“It’s not easy bein’ green.” - Kermit the Frog
Heating, cooling and power generated for the workplace cause nearly 40 percent of carbon dioxide emissions in the United States and are responsible for more than 70 percent of total electricity usage. Commuters add 1.3 billion tons of carbon dioxide to the atmosphere every year.
It comes as no surprise that most workers prefer employers that lean toward being environmentally friendly, or “green.” So what exactly is a green workplace? It usually begins with the buildings themselves.
|New solar panels shimmer on the roof of the Michael Amini Transfusion Medicine Center (Photo by p.cunningham)|
If they meet standards set by the U.S. Green Building Council (covering issues including water and energy efficiency, materials and site selection, alternative transportation for occupants), they can be certified as LEED, which stands for leadership in energy and environmental design.
City of Hope expects to receive Silver LEED certification ratings on two buildings under construction on campus. Thanks to funding by The Home Depot Foundation, solar panels installed on the roof of the Michael Amini Transfusion Medicine Center will provide 10 to 15 percent of the electricity needs of the building.
The building expansion of the Leslie & Susan Gonda (Goldschmied) Diabetes & Genetic Research Center also was designed to accommodate a solar energy system on its roof.
A few years ago, City of Hope’s Central Utility Plant constructed a 2.1-million-gallon thermal storage tank to store the cold water used to operate air conditioning systems on campus. As electricity demands, and costs, are the highest during the warmest times of the day, the campus runs its electric water chillers in the evening, and then draws the 39-degree water down from the tank throughout the heat of the day to cool the campus.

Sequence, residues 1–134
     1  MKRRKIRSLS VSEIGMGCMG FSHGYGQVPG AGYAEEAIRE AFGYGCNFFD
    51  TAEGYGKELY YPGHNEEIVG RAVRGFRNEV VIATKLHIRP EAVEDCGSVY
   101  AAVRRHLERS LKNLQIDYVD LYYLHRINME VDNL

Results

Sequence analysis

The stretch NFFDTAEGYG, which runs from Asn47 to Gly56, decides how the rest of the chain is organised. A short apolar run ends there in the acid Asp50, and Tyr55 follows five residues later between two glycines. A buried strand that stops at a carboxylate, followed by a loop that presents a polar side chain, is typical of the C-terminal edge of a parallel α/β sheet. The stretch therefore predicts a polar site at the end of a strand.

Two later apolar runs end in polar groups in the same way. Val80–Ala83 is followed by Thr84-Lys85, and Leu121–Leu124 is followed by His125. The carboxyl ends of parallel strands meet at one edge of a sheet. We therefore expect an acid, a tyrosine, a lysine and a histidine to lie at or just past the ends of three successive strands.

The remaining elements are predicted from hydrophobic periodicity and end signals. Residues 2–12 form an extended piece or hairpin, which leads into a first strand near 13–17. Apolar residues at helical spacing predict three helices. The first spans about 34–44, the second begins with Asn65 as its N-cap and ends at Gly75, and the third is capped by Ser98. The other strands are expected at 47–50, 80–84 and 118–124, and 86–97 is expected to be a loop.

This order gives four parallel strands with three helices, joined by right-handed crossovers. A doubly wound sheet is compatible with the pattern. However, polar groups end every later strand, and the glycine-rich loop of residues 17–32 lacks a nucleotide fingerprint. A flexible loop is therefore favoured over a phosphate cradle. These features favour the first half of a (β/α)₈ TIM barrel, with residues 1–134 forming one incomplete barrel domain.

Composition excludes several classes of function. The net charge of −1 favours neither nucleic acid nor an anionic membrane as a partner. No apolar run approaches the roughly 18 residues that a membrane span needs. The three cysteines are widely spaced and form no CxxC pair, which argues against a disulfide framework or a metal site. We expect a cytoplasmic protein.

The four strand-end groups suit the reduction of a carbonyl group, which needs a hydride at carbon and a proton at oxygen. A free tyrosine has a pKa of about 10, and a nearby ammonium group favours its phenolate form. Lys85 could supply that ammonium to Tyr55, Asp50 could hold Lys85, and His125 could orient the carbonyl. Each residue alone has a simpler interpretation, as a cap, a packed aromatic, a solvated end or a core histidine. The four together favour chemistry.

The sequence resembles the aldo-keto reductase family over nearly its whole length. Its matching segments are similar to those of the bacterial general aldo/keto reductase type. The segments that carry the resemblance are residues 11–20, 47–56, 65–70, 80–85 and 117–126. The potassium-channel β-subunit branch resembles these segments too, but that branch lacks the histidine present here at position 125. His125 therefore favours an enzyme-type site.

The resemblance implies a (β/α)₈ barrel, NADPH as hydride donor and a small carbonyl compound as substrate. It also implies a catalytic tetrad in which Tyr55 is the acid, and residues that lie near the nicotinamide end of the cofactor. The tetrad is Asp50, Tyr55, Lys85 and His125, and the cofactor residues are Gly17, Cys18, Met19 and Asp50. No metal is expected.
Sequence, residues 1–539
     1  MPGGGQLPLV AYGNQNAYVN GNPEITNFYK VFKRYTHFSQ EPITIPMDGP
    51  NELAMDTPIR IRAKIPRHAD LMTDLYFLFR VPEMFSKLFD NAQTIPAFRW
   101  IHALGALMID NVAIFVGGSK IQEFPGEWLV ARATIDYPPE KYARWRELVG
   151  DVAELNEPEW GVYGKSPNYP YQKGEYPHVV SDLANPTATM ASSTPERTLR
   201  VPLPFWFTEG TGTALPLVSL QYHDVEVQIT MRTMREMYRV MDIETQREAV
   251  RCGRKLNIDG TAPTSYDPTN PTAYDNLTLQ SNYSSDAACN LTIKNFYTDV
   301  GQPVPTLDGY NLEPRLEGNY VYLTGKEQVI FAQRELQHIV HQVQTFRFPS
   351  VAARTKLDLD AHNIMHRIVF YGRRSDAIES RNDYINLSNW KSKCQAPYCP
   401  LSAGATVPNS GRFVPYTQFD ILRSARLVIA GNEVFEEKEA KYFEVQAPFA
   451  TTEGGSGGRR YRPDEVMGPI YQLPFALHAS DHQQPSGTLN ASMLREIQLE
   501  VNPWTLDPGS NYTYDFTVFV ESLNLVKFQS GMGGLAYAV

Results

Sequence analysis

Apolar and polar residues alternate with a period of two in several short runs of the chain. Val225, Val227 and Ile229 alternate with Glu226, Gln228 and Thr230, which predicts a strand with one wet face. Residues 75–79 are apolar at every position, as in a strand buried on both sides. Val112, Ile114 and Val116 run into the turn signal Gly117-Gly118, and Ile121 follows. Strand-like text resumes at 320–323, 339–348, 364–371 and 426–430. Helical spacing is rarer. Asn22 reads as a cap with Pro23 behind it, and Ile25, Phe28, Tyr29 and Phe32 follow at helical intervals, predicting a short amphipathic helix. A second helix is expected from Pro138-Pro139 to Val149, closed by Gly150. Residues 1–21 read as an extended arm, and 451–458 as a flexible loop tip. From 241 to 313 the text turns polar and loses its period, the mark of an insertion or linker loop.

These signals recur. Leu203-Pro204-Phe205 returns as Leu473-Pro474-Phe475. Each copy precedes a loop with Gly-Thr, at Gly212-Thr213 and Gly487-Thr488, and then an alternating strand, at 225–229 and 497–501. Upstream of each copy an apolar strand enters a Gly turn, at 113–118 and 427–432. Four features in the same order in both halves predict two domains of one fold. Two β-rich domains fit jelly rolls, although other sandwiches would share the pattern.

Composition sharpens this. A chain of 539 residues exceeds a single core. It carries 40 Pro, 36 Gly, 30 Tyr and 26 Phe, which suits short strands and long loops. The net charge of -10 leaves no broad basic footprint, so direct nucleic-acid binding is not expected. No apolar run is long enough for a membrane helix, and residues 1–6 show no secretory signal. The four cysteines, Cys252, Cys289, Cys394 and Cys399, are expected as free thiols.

Cooling capacities of the plant are rapidly approaching their capacity, however, as the campus expands. Currently, a new steam-run chiller is being installed that can be run from the excess steam generated by the plant’s existing gas-fired boilers that provide heat, hot water and sterilization systems to the campus.
Other than filling up that blue recycle bin next to the office copy machine, how can workers at City of Hope carry the charge for the environment?
According to the Environmental Protection Agency, traffic congestion caused by commuters costs American business 3.7 billion hours in lost productivity every year, equaling $63.1 billion in wasted time and fuel annually.
“With increasing fuel costs and the continuing pressures for parking at City of Hope, there has been renewed interest in providing alternative ways for employees to get to the campus,” said Dick Thompson, vice president of facilities management.
To that end, City of Hope bought a 25-passenger bus last year, establishing free regular service between the campus and the Metrolink train station four miles south in Baldwin Park.
City of Hope also offers groups of employees a vanpool program through a relationship with Enterprise. Program subsidies drastically reduce the costs of commuting.
The institution currently offers two vanpools, one from Rancho Cucamonga and one from Upland. For more information on how to sign up for the program or to start a vanpool, e-mail firstname.lastname@example.org or call ext. 62228.